[...] Each thing, even the most banal, is so dense with meaning that is potentially infinite. And it is not so much the things in themselves, but this infinite of the thingsthat I try to hold in the painting, containing it there, glueing the objects in there, or even, simply, painting them because the mark can emphasize their spirit, take possession of the space. The mark is like a handwriting, it is the skeleton, the structure of the paint; this is why I always draw it in last, after having finished painting a picture.”


From the interview of Martina Corgnati to Nino Longobardi, Edizioni Sigma, 1991. 

For Nino Longobardi, the ideal starting shape of every visual representation is the male human body, the central element of all of his artistic production, realized through a few synthetic traits and a reduced chromatic range - grey, black, browns.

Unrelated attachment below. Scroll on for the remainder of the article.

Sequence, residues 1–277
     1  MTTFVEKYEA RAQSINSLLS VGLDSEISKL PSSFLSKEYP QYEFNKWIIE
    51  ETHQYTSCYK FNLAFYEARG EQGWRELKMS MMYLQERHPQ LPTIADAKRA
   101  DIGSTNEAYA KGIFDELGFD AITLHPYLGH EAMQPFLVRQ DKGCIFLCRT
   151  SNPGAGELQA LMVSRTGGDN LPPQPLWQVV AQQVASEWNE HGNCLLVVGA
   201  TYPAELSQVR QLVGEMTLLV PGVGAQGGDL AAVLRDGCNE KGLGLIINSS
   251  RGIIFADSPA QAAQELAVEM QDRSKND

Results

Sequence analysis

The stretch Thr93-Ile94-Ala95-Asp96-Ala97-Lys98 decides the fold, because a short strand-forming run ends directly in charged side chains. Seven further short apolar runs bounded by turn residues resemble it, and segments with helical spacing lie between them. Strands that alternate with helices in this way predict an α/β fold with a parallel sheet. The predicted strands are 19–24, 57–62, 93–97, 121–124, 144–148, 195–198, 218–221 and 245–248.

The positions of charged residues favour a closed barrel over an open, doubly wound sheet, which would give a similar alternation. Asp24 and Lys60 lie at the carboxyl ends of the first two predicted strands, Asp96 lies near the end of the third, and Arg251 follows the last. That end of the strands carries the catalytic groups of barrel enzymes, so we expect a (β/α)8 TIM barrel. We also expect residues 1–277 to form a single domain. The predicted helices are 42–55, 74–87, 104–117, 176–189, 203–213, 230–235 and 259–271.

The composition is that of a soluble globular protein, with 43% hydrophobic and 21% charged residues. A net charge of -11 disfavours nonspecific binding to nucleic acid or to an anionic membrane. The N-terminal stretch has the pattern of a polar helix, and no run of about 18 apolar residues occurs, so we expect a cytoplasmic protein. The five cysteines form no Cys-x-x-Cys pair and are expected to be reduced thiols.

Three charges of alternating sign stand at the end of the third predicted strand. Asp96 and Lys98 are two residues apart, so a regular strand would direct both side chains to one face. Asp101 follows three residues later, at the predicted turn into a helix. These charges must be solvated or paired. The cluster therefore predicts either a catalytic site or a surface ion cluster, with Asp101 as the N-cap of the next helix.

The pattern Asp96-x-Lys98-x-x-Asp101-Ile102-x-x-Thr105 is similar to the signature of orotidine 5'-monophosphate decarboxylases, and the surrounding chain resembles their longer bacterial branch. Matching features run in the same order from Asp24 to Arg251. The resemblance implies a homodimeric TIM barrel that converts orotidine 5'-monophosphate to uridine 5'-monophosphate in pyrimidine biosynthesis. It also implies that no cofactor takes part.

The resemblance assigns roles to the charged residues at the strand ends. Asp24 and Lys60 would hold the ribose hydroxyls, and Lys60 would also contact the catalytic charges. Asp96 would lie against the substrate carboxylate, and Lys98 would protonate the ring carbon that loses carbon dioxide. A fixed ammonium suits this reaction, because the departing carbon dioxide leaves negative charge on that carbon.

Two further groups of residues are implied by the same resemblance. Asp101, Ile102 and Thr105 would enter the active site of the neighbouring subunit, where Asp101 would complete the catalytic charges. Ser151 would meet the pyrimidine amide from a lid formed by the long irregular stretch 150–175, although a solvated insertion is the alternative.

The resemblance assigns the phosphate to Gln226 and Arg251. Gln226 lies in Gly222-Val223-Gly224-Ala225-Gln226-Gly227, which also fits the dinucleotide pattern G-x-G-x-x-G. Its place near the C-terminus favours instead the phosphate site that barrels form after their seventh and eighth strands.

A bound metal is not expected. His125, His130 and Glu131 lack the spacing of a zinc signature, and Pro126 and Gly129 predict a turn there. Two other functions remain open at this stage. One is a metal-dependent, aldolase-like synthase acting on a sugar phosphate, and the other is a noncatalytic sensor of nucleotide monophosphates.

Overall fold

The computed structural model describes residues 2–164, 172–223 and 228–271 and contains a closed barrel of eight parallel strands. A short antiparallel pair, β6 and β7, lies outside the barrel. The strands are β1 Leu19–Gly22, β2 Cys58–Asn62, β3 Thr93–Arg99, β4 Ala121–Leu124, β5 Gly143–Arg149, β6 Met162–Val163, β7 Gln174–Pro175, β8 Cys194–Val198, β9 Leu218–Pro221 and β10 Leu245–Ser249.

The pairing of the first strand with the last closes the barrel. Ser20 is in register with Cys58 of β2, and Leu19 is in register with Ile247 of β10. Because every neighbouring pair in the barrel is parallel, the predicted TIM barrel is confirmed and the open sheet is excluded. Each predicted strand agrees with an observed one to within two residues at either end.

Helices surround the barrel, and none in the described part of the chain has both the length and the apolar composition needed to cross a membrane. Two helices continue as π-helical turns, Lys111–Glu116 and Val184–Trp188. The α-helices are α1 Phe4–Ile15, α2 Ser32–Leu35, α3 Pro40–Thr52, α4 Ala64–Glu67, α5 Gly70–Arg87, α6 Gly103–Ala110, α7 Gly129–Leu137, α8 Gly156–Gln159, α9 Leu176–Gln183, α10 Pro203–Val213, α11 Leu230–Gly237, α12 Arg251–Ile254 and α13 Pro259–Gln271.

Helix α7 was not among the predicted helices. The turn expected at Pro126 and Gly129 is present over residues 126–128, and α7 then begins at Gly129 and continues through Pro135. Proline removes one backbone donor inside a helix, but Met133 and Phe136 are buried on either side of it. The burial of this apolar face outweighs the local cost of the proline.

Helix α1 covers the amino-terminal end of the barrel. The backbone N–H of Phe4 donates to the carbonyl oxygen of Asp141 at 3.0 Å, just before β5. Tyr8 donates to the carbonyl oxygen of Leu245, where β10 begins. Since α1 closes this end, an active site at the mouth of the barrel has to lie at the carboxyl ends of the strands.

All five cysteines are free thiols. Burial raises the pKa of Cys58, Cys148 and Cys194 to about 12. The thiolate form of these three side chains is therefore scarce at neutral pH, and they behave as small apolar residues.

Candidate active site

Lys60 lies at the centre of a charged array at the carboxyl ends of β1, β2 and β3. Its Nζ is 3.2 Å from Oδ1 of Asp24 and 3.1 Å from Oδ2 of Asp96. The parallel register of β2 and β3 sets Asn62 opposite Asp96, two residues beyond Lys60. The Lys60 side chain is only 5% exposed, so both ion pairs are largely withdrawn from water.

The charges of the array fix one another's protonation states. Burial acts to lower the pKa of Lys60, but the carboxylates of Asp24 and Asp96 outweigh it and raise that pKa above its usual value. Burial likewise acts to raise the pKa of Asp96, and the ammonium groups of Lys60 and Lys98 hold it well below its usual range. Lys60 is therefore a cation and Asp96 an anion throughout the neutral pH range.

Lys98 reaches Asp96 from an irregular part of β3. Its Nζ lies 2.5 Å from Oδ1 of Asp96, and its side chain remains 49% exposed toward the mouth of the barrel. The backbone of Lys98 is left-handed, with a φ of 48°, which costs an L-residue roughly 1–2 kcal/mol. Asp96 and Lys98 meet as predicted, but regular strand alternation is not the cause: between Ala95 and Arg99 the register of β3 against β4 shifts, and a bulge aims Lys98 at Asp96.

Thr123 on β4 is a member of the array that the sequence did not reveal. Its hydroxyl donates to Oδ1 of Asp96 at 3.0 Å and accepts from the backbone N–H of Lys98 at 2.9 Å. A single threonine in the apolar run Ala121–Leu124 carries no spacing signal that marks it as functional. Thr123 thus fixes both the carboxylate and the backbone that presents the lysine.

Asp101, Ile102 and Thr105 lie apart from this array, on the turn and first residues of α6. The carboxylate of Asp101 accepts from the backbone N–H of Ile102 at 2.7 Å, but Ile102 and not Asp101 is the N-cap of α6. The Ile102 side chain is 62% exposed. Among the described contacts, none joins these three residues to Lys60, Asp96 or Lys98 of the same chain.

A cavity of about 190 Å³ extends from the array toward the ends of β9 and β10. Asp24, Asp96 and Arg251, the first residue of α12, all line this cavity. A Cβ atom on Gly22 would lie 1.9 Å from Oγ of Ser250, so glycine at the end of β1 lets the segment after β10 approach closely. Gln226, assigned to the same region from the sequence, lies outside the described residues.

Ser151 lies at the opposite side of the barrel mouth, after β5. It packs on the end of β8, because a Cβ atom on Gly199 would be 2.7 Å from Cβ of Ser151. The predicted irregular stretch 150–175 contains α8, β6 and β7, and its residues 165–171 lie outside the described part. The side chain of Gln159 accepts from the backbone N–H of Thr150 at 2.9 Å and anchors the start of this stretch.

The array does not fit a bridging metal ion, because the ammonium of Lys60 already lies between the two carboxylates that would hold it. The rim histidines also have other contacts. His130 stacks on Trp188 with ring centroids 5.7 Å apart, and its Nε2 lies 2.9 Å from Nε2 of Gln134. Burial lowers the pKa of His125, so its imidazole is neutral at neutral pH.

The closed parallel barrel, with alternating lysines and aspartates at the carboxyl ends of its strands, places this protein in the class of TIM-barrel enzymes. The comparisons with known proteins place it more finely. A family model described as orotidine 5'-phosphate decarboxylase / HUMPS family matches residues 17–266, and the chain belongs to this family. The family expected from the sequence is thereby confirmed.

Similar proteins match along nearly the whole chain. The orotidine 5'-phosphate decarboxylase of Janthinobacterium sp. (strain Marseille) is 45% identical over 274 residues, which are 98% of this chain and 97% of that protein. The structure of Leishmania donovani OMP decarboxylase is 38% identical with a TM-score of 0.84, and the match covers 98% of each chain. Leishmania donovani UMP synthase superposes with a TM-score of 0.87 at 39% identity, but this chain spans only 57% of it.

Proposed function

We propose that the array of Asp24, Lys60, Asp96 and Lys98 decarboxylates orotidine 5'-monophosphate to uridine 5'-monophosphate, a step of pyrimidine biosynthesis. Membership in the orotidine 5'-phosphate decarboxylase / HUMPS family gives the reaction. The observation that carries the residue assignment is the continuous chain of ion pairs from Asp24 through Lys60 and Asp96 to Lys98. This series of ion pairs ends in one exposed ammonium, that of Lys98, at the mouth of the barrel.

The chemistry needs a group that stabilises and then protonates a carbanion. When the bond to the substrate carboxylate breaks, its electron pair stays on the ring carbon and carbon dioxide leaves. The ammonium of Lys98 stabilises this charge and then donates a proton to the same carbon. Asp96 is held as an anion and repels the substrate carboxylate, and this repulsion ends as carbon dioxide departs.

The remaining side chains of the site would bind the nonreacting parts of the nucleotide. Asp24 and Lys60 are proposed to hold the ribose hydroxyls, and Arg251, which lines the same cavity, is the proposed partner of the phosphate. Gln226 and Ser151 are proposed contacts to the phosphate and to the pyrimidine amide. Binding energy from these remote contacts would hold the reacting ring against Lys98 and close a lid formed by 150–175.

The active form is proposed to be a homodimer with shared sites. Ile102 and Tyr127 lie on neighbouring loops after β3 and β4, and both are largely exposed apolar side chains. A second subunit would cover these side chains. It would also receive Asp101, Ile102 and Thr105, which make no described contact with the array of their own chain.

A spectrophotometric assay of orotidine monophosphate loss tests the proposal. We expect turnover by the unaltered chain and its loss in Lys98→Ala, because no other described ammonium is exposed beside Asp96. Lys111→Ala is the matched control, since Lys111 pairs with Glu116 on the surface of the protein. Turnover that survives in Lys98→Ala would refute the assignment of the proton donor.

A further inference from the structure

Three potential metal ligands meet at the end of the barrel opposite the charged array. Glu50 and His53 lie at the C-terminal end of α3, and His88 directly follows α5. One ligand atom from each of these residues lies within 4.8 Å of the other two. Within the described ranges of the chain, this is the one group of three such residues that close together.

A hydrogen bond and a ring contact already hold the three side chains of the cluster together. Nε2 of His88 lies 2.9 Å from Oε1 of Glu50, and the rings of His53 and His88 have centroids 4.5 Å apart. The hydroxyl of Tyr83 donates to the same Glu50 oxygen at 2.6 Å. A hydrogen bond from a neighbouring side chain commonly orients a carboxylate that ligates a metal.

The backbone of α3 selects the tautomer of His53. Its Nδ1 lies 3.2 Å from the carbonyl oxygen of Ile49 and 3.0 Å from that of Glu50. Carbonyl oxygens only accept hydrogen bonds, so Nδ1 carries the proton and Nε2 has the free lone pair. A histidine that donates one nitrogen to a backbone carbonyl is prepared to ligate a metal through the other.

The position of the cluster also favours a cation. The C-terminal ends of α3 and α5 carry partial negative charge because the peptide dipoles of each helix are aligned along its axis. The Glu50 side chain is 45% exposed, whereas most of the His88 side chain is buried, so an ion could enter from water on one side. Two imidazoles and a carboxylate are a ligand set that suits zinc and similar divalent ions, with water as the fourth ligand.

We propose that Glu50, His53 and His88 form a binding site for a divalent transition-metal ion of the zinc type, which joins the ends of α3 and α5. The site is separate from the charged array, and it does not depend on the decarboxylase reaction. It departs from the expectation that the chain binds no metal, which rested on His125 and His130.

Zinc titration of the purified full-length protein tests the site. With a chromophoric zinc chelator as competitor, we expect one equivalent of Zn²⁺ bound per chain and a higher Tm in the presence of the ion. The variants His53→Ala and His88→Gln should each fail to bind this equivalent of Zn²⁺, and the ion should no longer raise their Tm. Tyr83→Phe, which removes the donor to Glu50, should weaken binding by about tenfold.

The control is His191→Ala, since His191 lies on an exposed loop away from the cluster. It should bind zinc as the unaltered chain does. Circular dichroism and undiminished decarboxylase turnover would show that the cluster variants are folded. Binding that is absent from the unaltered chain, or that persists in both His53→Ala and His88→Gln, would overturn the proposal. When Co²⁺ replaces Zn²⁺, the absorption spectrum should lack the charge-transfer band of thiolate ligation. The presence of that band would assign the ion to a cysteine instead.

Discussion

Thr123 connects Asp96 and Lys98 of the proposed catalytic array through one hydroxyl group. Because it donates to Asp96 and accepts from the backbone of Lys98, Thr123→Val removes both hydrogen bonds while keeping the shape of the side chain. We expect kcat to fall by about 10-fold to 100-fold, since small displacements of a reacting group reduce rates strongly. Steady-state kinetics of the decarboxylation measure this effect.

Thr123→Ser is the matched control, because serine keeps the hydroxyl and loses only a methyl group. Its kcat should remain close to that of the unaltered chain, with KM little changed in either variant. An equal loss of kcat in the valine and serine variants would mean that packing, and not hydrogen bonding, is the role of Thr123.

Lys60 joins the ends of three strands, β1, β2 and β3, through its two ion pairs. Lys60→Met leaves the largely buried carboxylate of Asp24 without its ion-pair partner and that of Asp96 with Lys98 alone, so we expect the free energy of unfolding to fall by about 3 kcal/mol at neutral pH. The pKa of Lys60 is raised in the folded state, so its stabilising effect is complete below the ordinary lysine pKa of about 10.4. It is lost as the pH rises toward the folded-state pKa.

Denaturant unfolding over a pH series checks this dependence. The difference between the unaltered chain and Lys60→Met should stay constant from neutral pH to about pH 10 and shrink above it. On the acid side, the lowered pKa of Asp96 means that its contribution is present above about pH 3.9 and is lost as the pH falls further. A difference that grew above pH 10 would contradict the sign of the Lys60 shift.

By a progressive reduction of the human figure, Longobardi deepens his research on the relationship between life and death, conducted through visual elements turned into shadows and prints. Skeletons and skulls are another constant in his artworks, creating an important link with the Neapolitan tradition and its repertory of painted or carved skulls, organic bones, holy relics and casts from Pompei, which were all fundamental sources of inspiration for the Neapolitan artist.


I am never concerned with the message I want to convey, as much as with the way I convey it; I never start from the meanings of the shape that I choose, but from the signs that, going deep, don't bare regrets or corrections. They vibrate on me while I paint; I just have to rearrange them. And if the artist is able to arrange the signs, the conversation starts naturally. And the artwork earns rhythm, movement and tension”.


From "Nino Longobardi" – Palazzo Reale, Milan, July 1998